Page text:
In a decision published on Wednesday, the Human Rights Committee – an independent expert body that monitors States’ compliance with the International Covenant on Civil and Political Rights – said that Italy failed to respond promptly to various distress calls from the sinking boat, which was carrying more than 400 adults and children.
Italy also failed to explain the delay in dispatching its naval vessel, ITS Libra, which was located only about an hour away from the scene, the Committee said in a news release.
The Committee’s decision responded to a joint complaint lodged by four survivors – three Syrians and a Palestine national – who lost their families in the accident. The plaintiffs recounted the incidents of 10 October 2013, including the vessel’s plea to Italian authorities for urgent assistance.
Several hours later, Italian authorities told the vessel that it was in the Maltese search and rescue zone, and only provided them with a phone number of Malta’s Rescue Coordination Centre. By the time a Maltese patrol boat arrived, the vessel had already capsized, and an Italian naval ship was dispatched only after an urgent request from Malta.
As a result of the delayed action, more than 200 people, including 60 children, drowned, the committee states.
According to the news release, some surviving migrants sought justice in Italian courts, and took their case to the Human Rights Committee as Italy failed to take appropriate measures to save their relatives, thus violating their right to life.
A parallel claim brought against Malta was rejected by the Committee as the plaintiffs did not bring legal proceedings before courts in Malta, which is one of the requirements, prior to filing their case to the Human Rights Committee.
‘A complex case’
Hélène Tigroudja, a member of the Human Rights Committee said that the case was a “complex” one.
“The accident happened in the international waters within the Maltese search and rescue zone but the location was indeed closest to Italy and to one of its naval ships. Had the Italian authorities immediately directed its naval ship and coast guard boats after the distress calls, the rescue would have reached the vessel, at the latest, two hours before it sank.”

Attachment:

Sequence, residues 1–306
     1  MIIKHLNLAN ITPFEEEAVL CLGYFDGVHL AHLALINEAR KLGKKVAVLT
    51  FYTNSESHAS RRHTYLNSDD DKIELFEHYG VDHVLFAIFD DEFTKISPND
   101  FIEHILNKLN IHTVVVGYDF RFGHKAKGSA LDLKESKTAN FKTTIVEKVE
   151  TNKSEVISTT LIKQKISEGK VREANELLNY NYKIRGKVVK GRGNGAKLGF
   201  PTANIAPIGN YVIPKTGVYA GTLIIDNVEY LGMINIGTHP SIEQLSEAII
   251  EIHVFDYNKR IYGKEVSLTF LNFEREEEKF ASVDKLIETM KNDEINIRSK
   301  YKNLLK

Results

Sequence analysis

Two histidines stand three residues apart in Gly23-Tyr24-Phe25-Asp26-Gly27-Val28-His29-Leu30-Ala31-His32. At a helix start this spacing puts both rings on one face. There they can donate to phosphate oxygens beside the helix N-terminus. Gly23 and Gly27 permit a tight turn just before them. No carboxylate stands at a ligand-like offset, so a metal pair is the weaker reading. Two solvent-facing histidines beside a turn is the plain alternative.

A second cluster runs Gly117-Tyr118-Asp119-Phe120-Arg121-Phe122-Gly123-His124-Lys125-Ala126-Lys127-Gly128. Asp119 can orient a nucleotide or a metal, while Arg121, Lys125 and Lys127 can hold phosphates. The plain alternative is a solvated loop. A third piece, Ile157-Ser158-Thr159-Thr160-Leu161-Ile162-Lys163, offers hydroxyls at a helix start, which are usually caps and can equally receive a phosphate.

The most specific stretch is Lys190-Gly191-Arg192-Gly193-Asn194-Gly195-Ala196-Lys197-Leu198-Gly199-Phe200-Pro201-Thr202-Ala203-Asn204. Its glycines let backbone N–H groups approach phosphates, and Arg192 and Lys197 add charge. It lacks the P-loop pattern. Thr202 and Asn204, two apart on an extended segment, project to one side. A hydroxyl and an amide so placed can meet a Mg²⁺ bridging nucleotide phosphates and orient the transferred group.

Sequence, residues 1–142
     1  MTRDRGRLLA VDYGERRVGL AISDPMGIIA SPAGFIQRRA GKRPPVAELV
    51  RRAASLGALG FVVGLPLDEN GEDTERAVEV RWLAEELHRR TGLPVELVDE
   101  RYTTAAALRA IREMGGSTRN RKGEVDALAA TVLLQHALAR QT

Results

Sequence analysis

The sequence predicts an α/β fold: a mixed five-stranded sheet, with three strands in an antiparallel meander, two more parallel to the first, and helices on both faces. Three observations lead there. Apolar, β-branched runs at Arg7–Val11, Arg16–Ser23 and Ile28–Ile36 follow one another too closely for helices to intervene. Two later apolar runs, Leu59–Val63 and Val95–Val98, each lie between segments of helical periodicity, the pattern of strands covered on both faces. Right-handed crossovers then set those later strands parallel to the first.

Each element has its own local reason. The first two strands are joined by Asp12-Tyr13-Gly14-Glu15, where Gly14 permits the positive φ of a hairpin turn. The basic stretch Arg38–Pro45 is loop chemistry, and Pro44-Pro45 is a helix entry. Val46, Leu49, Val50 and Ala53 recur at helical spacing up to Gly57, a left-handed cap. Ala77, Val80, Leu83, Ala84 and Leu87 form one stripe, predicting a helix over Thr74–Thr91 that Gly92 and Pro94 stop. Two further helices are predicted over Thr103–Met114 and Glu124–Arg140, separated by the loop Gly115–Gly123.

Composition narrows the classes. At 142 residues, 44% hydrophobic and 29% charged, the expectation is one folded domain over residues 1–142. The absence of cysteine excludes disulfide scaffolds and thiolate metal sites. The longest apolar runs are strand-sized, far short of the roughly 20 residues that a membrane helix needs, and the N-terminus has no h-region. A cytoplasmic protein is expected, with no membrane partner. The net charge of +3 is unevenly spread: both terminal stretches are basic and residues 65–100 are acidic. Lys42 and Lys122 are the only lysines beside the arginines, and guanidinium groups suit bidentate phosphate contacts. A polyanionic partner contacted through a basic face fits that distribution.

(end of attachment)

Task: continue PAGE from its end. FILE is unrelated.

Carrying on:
Ms. Tigroudja added that under the international law of the sea, State parties are required to take steps to protect the lives of all individuals who find themselves in a situation of distress at sea.
“Even though the sinking vessel was not located in Italy’s search and rescue zone, the Italian authority had a duty to support the search and rescue mission to save the lives of the migrants. Italy’s delayed action had a direct impact on the loss of hundreds of lives.”
In its decision, the Committee also urged Italy to conduct an independent and timely investigation and to prosecute those responsible; and called on Italy and other countries involved in the tragedy to provide effective remedy to those who lost their families in the accident.
At around 1am on 10 October 2013, a fishing boat carrying more than 400 migrants – including children – departed from Libya for Italy. A few hours later, the vessel started sinking in international waters.
According to the joint complaint, one of those on board the vessel called the Italian number for emergencies at sea, saying they were sinking and forwarding the boat’s coordinates.
Over the next few hours, the person tried several times, only to be told after 1pm that as they were in the Maltese search and rescue zone and thus the Italian authorities had forwarded their distress call to the Maltese authority. In spite of the emergency, the Italian operator only passed on to them the phone number of Malta’s Rescue Coordination Centre.
The migrants made several, increasingly desperate phone calls, but when a Maltese patrol boat arrived at the scene at 5:50pm, the vessel had already capsized. As per Malta’s urgent request, Italy finally instructed its navy ship ITS Libra, which was in the boat’s vicinity, to come to the rescue, after 6pm.